Check Running Process in Linux for a User: A Helpful Guide
Let’s say that you are a newly arrived sysadmin who will administer an operating system like Linux. You need to know everything that is going on with the system. However, how do you do it?
On Windows, everything is quite simple. You can open Task Manager and find running processes right away. With Linux, it can be a little more difficult. Usually, if you open any program or application, then you just need to close it so that the process ends. However, more complicated processes run on the system that we don’t even notice. They can have a different priority, overload the processor, and so on. That is why, be knowledgeable about all information, you should know how to check running processes in Linux. There is nothing difficult in this since you only need a command line or a terminal.
Many processes that you may not even think about are going on in the background. That is, you may have a blank screen before your eyes – this does not mean that nothing is going on, you simply do not see running processes Linux.
In this guide, we will help you learn how to see what is going on behind the scenes on your computer system. There are several ways to do this, various commands, options, and much more. Such knowledge is necessary to be able to independently check what is happening so that you can check the load on the system, how resources are distributed, and also be able to kill tasks that interfere with other tasks or take up too many resources.
- ps -e
The easiest way to check running processes Linux is to use the ps command. It can be used on any operating system that has a Linux kernel.
If you are interested in getting information about all the tasks taking place on your system, then press the “-e” key.
You may be overwhelmed by the sheer volume of tasks being performed by the system and find it hard to figure out what you should keep and what you should not. For that matter, there is a way to reduce the strain on your eyes and reduce the list of processes that you can view at a time. If you want to view only 15 tasks first, then you just need to add to the “e” option also “| more -15″.
The table shown to you when you enter this command reveals to you information about a particular process, its unique number in the system (Process ID), as well as the interface on which all tasks are performed. If you see “?” next to any tasks, it means that they are not bound to any interface. Such tasks simply run in the background.
Keep in mind that the Process ID may be important to you. You will need this unique number if you want to terminate a task.
- ps -aux
You may want to know more than just what tasks are running. You can also find out how specific tasks use system resources, that is, the processor and random access memory.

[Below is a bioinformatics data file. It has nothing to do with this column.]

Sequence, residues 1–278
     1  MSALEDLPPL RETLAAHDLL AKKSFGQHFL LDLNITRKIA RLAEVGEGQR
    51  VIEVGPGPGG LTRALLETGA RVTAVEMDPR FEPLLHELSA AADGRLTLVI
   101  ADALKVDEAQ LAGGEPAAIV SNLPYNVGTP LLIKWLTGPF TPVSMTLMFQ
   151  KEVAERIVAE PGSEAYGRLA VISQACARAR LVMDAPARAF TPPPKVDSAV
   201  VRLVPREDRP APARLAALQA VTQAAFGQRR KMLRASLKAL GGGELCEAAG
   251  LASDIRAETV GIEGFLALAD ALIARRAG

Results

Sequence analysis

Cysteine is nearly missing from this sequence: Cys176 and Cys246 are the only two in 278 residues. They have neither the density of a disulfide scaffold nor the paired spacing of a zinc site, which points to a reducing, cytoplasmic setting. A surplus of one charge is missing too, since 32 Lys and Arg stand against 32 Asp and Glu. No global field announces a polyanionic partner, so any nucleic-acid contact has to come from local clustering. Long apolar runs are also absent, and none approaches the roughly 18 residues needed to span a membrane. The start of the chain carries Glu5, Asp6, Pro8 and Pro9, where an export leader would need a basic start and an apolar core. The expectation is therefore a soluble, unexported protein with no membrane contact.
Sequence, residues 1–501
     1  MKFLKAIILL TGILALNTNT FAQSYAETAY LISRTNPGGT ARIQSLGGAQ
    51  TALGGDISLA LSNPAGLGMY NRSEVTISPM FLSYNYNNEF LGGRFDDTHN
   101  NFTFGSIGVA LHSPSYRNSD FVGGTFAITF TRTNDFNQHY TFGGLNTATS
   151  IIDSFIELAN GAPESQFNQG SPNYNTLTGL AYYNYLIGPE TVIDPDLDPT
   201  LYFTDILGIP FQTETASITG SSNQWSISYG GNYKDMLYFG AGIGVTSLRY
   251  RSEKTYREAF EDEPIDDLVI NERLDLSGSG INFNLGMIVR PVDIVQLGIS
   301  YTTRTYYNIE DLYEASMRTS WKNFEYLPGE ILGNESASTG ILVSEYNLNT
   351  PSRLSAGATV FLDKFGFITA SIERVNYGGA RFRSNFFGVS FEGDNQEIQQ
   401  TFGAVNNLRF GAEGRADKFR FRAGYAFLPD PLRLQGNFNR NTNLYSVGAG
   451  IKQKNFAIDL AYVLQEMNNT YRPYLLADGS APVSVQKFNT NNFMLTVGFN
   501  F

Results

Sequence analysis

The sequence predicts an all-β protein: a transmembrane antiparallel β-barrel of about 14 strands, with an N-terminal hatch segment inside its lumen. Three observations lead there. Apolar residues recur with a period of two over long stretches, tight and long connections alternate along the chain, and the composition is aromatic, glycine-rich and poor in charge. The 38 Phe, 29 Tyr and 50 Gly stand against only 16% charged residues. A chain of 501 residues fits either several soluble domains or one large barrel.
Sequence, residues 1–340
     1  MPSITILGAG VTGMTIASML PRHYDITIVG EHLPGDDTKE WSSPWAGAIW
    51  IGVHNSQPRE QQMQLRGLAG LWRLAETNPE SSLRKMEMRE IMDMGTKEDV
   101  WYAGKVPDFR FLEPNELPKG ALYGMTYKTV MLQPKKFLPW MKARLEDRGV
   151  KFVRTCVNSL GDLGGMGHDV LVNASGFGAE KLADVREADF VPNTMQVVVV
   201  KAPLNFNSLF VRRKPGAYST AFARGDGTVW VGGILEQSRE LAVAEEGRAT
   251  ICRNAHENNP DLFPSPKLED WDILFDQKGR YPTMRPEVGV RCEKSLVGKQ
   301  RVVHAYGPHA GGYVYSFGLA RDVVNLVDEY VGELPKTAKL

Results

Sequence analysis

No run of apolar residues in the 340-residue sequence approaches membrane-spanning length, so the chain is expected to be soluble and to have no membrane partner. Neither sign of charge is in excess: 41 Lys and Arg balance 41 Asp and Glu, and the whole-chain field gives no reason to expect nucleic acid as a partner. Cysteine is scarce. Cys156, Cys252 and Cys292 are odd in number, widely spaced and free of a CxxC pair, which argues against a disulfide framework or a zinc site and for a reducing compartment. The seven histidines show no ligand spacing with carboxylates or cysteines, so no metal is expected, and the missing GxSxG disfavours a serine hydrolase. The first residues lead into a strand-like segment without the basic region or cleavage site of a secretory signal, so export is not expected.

You’ll need to use this command for more interactive output, which not only provides a list of all the jobs but can also provide additional information. Firstly, type it and see what you’ll get.
You’ll notice a lot of information at the top, in a horizontal layout. More importantly, take a look at the total number of jobs (including operating, sleeping, terminated, and zombie). If you look down, you will be able to see more detailed info about every activity.
For convenience, and also because of the impossibility of containing information about all activities, first of all, you will see data on the most demanding processes, that is, those that load the processor, as well as random access memory. In descending order, respectively, the tasks that use fewer system resources will be listed. For easy navigation, you can use the cursor keys on your keyboard to scroll up and down.
In addition to what you are prompted to see by default, you can also use the following parameters:
- z – because there will be sleepers and zombies in the entire list, utilizing this key will let you see exactly what tasks are in progress. Active processes will be indicated when you hit this key;
- c – to show the executable’s whole path;
- k – this will help you end any activity you don’t need. You need to know the exact unique number of the task so that you do not inadvertently terminate what you need. This is another way to end a task besides using another separate “kill” command;
- r – since each task has a run priority, you must use this option in conjunction with a unique task number to decrease or increase the run priority value;
- h – to see the whole list of parameters available;
- q – upon completion of checking, changing the priority, or killing the task, you can use this parameter to exit.
This utility, according to many specialists, is the greatest of all. Moreover, it is easy to use and pleasant to the eye. The difficulty lies in the fact that you may simply not have it. To be able to use it, you will need to install it first. All data must be stored on your system, so it only takes a few steps and minutes for you to set everything up.
The first thing you need to enter:
- For Debian and Ubuntu users – sudo apt-get;
- For CentOS and Fedora users – dnf;
- For Red Hat users, yum.
After that, you just need to add “install htop” and the installation process will begin. When you’re finished, use the command to view all of the information. In contrast to the prior commands, for convenience, you can use not only the cursor keys. Although there are no significant differences in functionality from the previous ones, you can choose this one because of the design.
As you’ve seen, there are three distinct commands you may use to examine the system’s tasks. In addition to each command, you can add various options to get specific information. This knowledge will help you know everything that happens in the system, especially in the background, find out what resources are being used, as well as manage tasks, that is, increase or decrease priority, terminate tasks, and much more.